Anne Sebba’s masterly biography makes full use of the dramatic prison letters Ethel Rosenberg exchanged with her husband, lawyer and psychotherapist over a three-year period.
Ethel Rosenberg’s story has been called America’s Dreyfus Affair: a catastrophic failure of humanity and justice that continues to haunt the national conscience, and is still being played out with different actors in the lead roles today. On 19 June 1953 Ethel Rosenberg became the first woman in the US to be executed for a crime other than murder.
She was thirty-seven years old and the mother of two small children. Yet even today, at a time when the Cold War seems all too resonant, Ethel’s conviction for conspiracy to commit espionage on behalf of the Soviet Union makes her story still controversial. This is an important moment to recount not simply what FBI Director J.
Edgar Hoover called the ‘trial of the century’, but also a timeless human story of a supportive wife, loving mother and courageous idealist who grew up during the Depression with aspirations to become an opera singer. Instead, she found herself battling the social mores of the 1950s and had her life barbarically cut short on the basis of tainted evidence for a crime she almost certainly did not commit.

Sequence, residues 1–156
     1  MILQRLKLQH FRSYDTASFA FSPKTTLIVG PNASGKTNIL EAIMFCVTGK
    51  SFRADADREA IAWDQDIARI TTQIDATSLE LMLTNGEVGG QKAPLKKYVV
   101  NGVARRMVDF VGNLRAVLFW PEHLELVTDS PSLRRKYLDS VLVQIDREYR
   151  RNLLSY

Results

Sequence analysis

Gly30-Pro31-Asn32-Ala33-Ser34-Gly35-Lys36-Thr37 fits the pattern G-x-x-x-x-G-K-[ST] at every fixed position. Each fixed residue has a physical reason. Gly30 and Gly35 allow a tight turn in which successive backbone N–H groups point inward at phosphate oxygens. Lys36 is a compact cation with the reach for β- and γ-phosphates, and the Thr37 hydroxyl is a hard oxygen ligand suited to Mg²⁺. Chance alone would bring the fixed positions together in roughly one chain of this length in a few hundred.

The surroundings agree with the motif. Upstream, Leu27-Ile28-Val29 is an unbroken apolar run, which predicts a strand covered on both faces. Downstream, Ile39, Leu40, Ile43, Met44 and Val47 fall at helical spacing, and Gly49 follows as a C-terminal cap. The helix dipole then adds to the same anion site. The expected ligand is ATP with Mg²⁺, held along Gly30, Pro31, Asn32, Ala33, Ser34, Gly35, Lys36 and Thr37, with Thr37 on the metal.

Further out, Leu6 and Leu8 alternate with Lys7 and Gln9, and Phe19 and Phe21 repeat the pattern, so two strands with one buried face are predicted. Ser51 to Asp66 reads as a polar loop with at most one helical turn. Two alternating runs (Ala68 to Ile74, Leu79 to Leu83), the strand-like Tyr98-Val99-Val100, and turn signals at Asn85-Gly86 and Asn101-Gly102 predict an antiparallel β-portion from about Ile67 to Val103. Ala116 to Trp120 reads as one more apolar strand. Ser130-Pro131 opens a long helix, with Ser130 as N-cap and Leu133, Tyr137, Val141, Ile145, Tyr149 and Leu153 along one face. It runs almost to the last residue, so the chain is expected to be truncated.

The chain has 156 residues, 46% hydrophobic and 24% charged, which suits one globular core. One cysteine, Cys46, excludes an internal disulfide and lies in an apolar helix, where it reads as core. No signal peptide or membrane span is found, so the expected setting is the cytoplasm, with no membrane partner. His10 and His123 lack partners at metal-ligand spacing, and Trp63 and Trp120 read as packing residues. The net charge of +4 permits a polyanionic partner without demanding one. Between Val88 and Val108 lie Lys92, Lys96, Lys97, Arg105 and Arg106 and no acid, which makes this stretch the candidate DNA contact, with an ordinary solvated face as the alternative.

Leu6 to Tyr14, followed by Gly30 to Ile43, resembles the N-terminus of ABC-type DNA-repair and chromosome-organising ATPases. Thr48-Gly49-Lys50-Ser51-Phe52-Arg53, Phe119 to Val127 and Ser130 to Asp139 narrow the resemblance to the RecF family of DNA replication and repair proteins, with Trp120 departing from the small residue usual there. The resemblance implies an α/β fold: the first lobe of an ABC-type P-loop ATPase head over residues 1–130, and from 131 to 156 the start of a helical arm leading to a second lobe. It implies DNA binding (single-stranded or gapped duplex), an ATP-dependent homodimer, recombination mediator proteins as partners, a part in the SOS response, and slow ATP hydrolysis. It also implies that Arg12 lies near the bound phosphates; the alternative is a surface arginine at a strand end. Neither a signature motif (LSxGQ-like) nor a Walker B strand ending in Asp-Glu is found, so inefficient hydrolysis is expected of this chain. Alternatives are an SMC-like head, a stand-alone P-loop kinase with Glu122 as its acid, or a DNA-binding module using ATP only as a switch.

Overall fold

Anne Sebba has also interviewed Ethel’s two sons and others who knew her, including a fellow prisoner. Ethel’s tragic story lays bare a nation deeply divided and reveals what happens when a government motivated by fear tramples on the rights of its citizens.
‘Masterful, original and painfully gripping’ Philippe Sands
‘A heart-piercingly brilliant book about a woman whose personal life put her in the cross-hairs of history’ Hadley Freeman
A Fur Coat and a Typewriter
As yet another fearless female reporter in a flak jacket flashes on to our television screens to tell us in rapid bursts how British troops came under fire that day, I often think of the handful of...Read more